One of my favorite authors, Paulo Coehlo, is credited with having said, “Pitiful is the person who is afraid of taking risks. Perhaps this person will never be disappointed or disillusioned; perhaps she won’t suffer the way people do when they have a dream to follow. But when the person looks back- she will hear her heart”. It’s kind of the same concept as Teddy Roosevelt’s famous quote about “those cold and timid souls who know neither victory nor defeat.”
Any real progress or accomplishment comes with risk- it’s a part of fully being alive. Life without risk is paralysis. I love the approach author Benjamin Zander takes with his music students. In his book, The Art of Possibility, he says he actively trains his students that when they make a mistake, they are to lift their arms in the air, smile, and say, How fascinating! “Not only mistakes,” he says, “but even those experiences we ordinarily define as ‘negative’ can be treated in this way.”
This week, I had two things planned to risk the possibility of rejection: one which has achieved resolution, and the other, I’m going to ask for some help in achieving.
The first was to audition for a community production of “The Sound of Music.” I used to be very involved in theater in high school and my early collage years, but it’s been a very long time since I’ve even thought about auditioning for a show.
I actually talked myself out of auditioning and let things pass without taking any action. But like Paulo Coehlo says, I started to hear my heart. I talked with someone about coming to audition the first night of callbacks and they graciously agreed.
After I did some initial singing, they requested I come back the next night and attend callbacks for the adult roles. We learned and performed some simple choreography, read for several of the parts, and finished with more singing. There were a lot of talented people there, and I felt a little nervous, but mostly honored to be included.
A few days passed and I got a phone call at work asking me if I would be willing to play Maria, the lead role! I’m excited for the challenge and really looking forward to the experience and the new opportunities it will present for me to take some risks.
The second thing I explored this week has to do with this blog as a whole. I can’t believe the final week of this project has come and gone. It’s been a life-changing experience for me. I really do feel transformed, empowered, and above all, very happy and very grateful. With only a few weeks left until my thirty-first birthday, I believe this year has been one of the best I’ve experienced in my life.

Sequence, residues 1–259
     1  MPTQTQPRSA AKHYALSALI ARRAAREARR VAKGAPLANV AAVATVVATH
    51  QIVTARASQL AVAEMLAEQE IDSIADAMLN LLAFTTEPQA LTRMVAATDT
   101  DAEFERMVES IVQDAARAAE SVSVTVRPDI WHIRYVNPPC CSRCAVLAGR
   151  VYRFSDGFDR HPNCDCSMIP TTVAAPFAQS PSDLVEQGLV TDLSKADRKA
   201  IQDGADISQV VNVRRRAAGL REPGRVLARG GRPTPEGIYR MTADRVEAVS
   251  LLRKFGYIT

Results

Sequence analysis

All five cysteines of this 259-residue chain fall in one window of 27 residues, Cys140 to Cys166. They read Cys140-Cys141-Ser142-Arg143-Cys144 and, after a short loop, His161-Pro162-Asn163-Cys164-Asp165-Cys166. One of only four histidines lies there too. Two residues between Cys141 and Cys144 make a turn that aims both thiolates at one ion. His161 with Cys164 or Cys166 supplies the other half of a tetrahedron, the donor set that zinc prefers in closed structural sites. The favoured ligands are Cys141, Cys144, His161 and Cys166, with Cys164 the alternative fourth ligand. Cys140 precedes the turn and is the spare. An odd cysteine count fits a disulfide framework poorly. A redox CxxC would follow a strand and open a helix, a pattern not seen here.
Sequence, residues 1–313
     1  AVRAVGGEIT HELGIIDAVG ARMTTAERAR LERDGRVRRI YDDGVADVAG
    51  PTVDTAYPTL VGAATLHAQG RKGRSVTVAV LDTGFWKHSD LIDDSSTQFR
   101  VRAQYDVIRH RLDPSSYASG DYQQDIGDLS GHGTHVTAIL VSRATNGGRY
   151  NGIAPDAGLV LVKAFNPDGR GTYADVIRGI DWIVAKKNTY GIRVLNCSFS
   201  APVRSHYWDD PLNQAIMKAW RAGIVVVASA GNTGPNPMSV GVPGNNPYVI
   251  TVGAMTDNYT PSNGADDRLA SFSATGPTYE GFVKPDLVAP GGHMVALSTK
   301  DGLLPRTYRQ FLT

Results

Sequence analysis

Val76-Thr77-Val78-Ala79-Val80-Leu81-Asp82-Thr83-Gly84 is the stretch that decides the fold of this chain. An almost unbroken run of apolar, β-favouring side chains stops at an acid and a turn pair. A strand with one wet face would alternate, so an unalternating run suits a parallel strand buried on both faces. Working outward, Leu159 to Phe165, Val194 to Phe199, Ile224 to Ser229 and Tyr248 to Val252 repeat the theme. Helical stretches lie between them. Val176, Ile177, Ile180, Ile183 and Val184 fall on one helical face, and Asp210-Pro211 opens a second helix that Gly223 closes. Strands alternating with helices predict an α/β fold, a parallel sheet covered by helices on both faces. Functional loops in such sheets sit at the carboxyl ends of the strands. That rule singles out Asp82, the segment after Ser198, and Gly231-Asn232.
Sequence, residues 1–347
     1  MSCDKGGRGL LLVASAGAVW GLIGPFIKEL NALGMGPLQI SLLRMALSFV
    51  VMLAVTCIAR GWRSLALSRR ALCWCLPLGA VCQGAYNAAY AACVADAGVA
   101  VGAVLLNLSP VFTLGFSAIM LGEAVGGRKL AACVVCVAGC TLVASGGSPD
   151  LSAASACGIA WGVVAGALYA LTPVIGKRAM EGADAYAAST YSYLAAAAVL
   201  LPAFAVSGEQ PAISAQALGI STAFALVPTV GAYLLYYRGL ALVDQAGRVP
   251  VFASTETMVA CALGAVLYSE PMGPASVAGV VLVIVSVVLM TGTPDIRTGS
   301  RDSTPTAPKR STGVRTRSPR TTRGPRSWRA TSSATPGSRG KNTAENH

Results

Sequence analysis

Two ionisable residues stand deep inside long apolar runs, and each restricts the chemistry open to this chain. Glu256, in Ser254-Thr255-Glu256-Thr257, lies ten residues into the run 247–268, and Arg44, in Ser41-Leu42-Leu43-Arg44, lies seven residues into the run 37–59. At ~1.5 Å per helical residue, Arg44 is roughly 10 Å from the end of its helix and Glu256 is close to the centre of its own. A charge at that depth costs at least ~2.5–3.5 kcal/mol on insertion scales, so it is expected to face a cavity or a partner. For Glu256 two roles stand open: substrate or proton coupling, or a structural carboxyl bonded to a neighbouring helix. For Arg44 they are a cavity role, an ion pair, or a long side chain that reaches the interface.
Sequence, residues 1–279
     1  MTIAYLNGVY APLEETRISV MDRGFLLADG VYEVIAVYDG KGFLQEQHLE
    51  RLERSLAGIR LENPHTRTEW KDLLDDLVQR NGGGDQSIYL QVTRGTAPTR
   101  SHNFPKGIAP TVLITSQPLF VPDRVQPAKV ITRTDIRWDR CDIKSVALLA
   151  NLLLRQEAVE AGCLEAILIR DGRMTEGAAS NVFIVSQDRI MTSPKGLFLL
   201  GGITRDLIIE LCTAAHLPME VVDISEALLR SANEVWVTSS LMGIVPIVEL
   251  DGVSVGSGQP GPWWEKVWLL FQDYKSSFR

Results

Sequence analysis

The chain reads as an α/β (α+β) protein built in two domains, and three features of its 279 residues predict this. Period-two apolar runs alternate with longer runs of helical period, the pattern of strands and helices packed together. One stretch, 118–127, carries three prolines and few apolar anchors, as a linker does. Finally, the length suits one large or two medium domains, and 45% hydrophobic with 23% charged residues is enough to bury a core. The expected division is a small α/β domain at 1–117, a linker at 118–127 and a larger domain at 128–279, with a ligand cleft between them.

I have also really appreciated the feedback from everyone given both here and on my facebook page. It’s gratifying to know that this has had a bit of a ripple effect with some of my friends. It’s because of that feedback and my own positive experiences that I’ve decided that I’d like to expand the “flirting with life” portion of this blog into a book. I would like to gear it towards a mid-singles LDS population with the hope that it will do some good for other people the way it has for me.
I talked with a very kind person this past week who is good friends with the CEO of an LDS publishing company called Deseret Book. After I explained to him what I wanted to do, he generously offered to give my book to her directly when I am finished. I’m not sure if she will be interested in it, but the offer motivates me to create the best product possible.
So, here’s where the help part comes in. Many of you have been so wonderful about taking the time to read the blog. I would really love input from you as I rewrite and revamp this- any feedback, ideas, suggestions, quotes, stories, scriptures, etc. that come to mind for any of the thirty weeks. I want to make this as strong as possible and it’s going to take some work. Good thing I have some pretty creative and brilliant friends.
When I asked my mom for advice on putting together a book, her reply was classic: Do it. Nothing ventured, nothing gained.
Well said, Mom. Well said.